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An Interview with Russell Southam ("Black Heart, Red Hands")

Russell Southam is a writer, producer, and director born in Sydney, Australia to English parents. Russell entered film by chance after applying as an extra on the award-winning short The Telegram Man. While on set he met and discussed working in film with the legendary Jack Thompson who urged him to convert his skill as a Technical Writer to a Screenwriter. Russell has completed several diverse genre scripts for shorts and features as well performing many roles both on and off of numerous indie film sets. As an avid crowdfunding advocate, Russell has been directly involved in more than 120 projects across the many crowd sourcing platforms and actively promotes these projects to his network of #supportindiefilm followers.

Russell's directorial debut, "Black Heart, Red Hands", tells the story of a first-time killer, who is about to be shown what it really takes to pull off the perfect crime.

"Black Heart, Red Hands" won Best Thriller at Top Shorts (March 2020), and was nominated for two annual awards: Best Thriller and Best Crime Film of the year.

Russell, please tell us about your background. Is it true that you got into filmmaking after your role on the set of The Telegram Man? What were your first steps into the world of filmmaking?

I’ve worked away from home for two to three weeks at a time and during the weekends I was away I started looking for extras work as a way of passing the time and avoid missing my family. After being an extra in a few film school graduation films, I got a role as a background extra on the multi award winning short The Telegram Man and it changed everything for me. I got to meet some Australian icons of the screen, one of which was Jack Thompson. This legend of Australian film and television questioned me on my involvement and after hearing I liked to write, suggested I should try writing for film. I left him with a desire to begin a journey of self-discovery into the maddening realm of the screenplay. This is how my relationship with film began.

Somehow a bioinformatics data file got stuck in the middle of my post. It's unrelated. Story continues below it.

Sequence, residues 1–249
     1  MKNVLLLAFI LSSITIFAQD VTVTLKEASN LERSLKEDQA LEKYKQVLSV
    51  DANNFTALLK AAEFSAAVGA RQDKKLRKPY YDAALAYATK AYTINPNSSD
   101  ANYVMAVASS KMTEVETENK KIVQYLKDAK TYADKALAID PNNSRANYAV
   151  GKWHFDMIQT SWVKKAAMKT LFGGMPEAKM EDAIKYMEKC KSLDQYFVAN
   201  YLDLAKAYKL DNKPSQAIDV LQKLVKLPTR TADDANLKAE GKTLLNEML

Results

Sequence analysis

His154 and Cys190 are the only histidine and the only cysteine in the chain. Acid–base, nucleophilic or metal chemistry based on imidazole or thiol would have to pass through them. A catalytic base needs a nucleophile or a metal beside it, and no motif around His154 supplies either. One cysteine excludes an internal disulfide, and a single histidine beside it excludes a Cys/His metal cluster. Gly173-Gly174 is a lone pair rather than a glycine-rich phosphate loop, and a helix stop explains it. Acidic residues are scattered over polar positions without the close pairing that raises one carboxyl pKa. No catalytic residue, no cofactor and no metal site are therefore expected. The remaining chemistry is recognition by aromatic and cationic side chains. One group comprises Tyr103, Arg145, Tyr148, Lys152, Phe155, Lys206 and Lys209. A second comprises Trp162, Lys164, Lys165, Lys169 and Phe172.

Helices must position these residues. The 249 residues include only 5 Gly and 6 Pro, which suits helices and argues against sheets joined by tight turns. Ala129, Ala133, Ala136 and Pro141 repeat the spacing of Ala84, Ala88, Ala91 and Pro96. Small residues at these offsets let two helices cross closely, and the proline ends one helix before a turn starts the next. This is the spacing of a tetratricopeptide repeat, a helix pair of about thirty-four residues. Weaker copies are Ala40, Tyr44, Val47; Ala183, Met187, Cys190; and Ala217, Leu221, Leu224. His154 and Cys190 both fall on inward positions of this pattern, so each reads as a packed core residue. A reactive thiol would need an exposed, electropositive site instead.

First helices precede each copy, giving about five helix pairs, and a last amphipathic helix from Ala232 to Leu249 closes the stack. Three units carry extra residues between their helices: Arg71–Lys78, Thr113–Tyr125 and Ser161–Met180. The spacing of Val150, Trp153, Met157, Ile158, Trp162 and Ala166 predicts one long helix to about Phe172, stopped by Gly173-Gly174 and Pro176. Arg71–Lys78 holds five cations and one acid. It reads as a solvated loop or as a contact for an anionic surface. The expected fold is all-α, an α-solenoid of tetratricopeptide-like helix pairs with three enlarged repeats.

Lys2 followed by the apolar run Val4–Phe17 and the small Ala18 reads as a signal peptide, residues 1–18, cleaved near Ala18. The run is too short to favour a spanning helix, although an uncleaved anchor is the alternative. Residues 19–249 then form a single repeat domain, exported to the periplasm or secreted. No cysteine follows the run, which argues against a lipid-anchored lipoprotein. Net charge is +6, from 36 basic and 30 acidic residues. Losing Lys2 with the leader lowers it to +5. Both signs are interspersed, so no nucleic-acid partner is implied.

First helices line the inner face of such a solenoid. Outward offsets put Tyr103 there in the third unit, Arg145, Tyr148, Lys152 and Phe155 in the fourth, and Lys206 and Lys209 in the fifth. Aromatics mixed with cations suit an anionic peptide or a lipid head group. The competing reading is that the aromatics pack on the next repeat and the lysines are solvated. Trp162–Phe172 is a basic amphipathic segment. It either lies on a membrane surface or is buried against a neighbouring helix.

As an avid crowdfunding advocate, you’ve been involved in over 120 projects across several platforms. What made you passionate about that, and how did you get involved?

As a new writer and wanting to examine how and why screenplays became films, I stumbled across the fairly new idea of crowdfunding through Kickstarter, and saw small indie films asking and getting funding. I would scour the site for interesting ideas or stories that resonated with me and felt compelled to help a fellow indie filmmaker out so they could realise their dream. To me it was genius; instead of trying to convince one or two people with a studio to finance a project, why not simple let fans who want to see the end product fund the project.

When did you form your production company, Little Big Film Company, and what does the company focus on?

I formed the company primarily to aid with the legal side of potentially selling screenplays but after a while I incorporated my love of film into the company to make it a brand, willing to collaborate with others on worthy projects. Little Big Film Company attempts to assist artists with business knowledge as well as assist in raising the bar in production levels. Obviously we are not a multi-billion dollar player in the arena of film but after reading a script or listening to a concept, we try to find ways to lift production values and attract a wider audience base.

You’ve produced and associate-produced numerous projects - you must be incredibly busy. How do you normally pick which projects you wish to work on?

Well, I’m not obviously wanting to give out an open invitation to be bombarded with requests for help, but I typically search all the major crowdfunding platforms for well put together pitch packages. I look for exciting or novel ideas by passionate artists that I feel I can approach individually to help them realise their concept and develop working relationships with many of these talented cast and crew members. If an idea for a project, story behind the concept or a truly invested team’s pitch resonates with me then I try and jump in early and make sure we get over the line. An example would be the project I came across on Greenlit which was Ecstasy a powerful personal story from a talented filmmaker whose father suffered from Parkinson’s. The story revolves around research that the drug can inhibit the physical impairments of Parkinson’s. In this story a son attempts to secure a pill for his father with Parkinson’s to allow him to dance with his mother once more. A great team and cast that had been impacted by disastrous rain and were in jeopardy of losing a key location due to redevelopment so this campaign was time critical. Rather than risk it failing after coming so far and hearing the real life connection that the director had with the story, I just had to get involved.